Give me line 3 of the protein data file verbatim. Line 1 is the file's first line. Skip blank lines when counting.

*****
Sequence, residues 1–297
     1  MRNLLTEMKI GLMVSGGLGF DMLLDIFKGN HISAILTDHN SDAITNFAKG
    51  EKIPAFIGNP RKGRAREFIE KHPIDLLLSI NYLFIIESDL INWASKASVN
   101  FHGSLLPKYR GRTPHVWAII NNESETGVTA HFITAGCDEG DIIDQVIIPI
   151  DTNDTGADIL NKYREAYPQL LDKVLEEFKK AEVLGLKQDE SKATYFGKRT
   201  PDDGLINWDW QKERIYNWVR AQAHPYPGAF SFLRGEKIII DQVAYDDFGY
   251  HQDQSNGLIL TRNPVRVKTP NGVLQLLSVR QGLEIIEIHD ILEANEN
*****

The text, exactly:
    51  EKIPAFIGNP RKGRAREFIE KHPIDLLLSI NYLFIIESDL INWASKASVN